Dedication of the wall (Neh 12:27-12:30)

“Now at the dedication of the wall of Jerusalem they sought out the Levites in all their places, to bring them to Jerusalem to celebrate the dedication with rejoicing, thanksgivings, and singing, along with cymbals, harps, and lyres. The companions of the singers gathered together from the circuit round Jerusalem and from the villages of the Netophathites. They also came from Beth-Gilgal and from the region of Geba and Azmaveth. The singers had built for themselves villages around Jerusalem. The priests and the Levites purified themselves. They purified the people, the gates, and the wall.”

This probably should have come after chapter 6 in this book, when the wall was completed. In some ways it is reminiscent of the dedication of the Temple that was in Ezra, chapter 6. They wanted all the Levites from every town to come to the celebration with their various musical instruments, cymbals, harp, and lyres. They were to rejoice and given thanksgiving. The singers had made villages around Jerusalem. The priests and Levites purified themselves, the people, the gates, and the wall.

 

The celebration at the Temple (2 Chr 29:25-29:30)

“King Hezekiah stationed the Levites in the house of Yahweh. They had cymbals, harps, and lyres, according to the commandment of King David, Gad the king’s seer, and the prophet Nathan. This commandment was from Yahweh through his prophets. The Levites stood with the instruments of David. The priests had the trumpets. Then King Hezekiah commanded that the burnt offering be offered on the altar. When the burnt offering began, the song to Yahweh began also with the trumpets, accompanied by the instruments of King David of Israel. The whole assembly worshiped. The singers sang. The trumpeters sounded. All this continued until the burnt offering was finished. When the offering was finished, the king and all who were present with him bowed down and worshiped. King Hezekiah and the officials commanded the Levites to sing praises to Yahweh with the words of King David and of the seer Asaph. They sang praises with gladness. They bowed down and worshiped.”

During the burning or the cooking of the animal sacrifices, the musical part of the celebration at the Temple began. Here the musicians play a major role, unlike the Spartan sacrifices and feasts that followed the Mosaic Law. However, the justification of the musicians was from the prophets of Yahweh, particularly at the time of King David, Gad and Nathan. The king commanded this organized musical praise of Yahweh with a slight theatrical flair. Throughout the burnt offering, the trumpets blasted, the instruments sounded, the singers sung. All this happened during the burning or cooking of the animals until they were done. When they finished, King Hezekiah and his officials bowed down and worshipped. They then asked the singers to sing the songs of King David and Asaph, which is probably a reference to the psalms.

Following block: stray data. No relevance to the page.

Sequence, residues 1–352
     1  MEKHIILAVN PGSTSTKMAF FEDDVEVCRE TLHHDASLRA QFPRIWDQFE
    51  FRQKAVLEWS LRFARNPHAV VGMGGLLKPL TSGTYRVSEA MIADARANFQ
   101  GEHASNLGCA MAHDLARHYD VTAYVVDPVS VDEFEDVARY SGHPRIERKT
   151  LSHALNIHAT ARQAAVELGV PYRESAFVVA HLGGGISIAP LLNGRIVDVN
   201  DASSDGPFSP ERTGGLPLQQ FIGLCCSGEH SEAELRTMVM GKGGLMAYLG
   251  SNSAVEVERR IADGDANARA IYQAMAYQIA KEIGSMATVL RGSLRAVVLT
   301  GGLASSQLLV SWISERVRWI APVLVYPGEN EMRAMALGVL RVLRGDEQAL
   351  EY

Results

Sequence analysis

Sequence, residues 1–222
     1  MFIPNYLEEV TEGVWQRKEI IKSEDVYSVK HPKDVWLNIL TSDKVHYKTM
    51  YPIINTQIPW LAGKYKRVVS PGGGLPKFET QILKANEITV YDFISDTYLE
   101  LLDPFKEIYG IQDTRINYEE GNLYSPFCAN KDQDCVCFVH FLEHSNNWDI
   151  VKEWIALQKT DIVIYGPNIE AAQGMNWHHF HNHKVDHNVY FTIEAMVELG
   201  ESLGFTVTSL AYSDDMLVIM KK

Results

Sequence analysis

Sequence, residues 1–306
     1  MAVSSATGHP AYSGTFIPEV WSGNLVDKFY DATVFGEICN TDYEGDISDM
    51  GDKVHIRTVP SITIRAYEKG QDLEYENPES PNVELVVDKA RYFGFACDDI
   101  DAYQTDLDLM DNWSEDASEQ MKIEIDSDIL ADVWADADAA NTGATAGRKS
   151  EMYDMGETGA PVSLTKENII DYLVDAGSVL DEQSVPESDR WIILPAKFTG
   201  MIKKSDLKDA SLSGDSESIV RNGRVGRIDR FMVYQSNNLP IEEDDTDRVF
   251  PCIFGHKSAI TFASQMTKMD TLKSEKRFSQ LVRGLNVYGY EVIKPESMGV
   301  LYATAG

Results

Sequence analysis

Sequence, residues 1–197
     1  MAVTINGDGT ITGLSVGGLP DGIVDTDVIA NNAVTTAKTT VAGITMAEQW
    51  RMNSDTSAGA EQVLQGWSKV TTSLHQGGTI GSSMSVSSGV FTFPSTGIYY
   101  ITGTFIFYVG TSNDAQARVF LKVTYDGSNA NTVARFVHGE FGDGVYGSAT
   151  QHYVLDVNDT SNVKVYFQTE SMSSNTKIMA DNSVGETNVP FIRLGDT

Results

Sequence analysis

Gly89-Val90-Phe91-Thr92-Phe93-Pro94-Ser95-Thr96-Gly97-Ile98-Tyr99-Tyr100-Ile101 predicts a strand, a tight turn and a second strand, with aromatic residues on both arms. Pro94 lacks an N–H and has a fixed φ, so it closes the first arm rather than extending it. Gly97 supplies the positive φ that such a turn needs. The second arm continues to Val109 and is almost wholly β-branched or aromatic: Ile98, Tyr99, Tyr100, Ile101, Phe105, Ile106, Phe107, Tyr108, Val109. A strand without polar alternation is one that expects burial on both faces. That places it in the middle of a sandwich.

The sons of Heman (1 Chr 25:4-25:6)

“The sons of Heman were Bukkiah, Mattaniah, Uzziel, Shebuel, and Jerimoth, Hananiah, Hanani, Eliathah, Giddalti, Romamti-ezer, Joshbekashah, Mallothi, Hothir, and Mahazioth. All these were the sons of Heman the king’s seer, according to the promise of God to exalt him. God had given Heman fourteen sons and three daughters. They were all under the direction of their father for the music in the house of Yahweh. They played cymbals, harps, and lyres for the service of the house of God.”

Heman had 14 sons and 3 daughters. Apparently, they all performed music in the house of Yahweh, the Temple, with cymbals, harps, and lyres. Heman was also called a seer or prophet to the king. Of Heman’s 14 listed sons, 8 of them are names that only are mentioned here and in the giving of the lots, but nowhere else in the biblical literature, (1) Bukkiah, (8) Eliathah, (9) Giddalti, (10) Romamti-ezer, (11) Joshbekashah, (12) Mallothi, (13) Hothir, and (14) Mahazioth. There were 9 different people with the name of (2) Mattaniah, but this Mattaniah will be in charge of the 9th group of singers. There were 8 different people with this name of (3) Uzziel. There was only 1 other (4) Shebuel. There were 7 different people with the name of (5) Jerimoth. There were 13 different people with the name of (6) Hananiah. There were 5 different people with the name of (7) Hanani.

The three cantors (1 Chr 25:1-25:1)

“King David and the officers of the army also set apart certain of the sons of Asaph, Heman, and Jeduthun for the worship service. They should prophesy with lyres, with harps, and with cymbals.”

As mentioned earlier in chapter 6 of this book, King David was associated with songs, music, and psalms. Thus it does not seem strange that he should appoint Levites to sing songs in the house of Yahweh. The problem is that the house of Yahweh was only established under Solomon. Therefore, this section talks about songs around the tabernacle in the tent of meeting. However, once the temple was complete, they performed there. The 3 people in charge were Asaph, Heman, and Jeduthun. Earlier in chapter 6 it was Ethan rather than Jeduthun who was in charge. The other 2 people are the same as the 2 mentioned in chapter 6.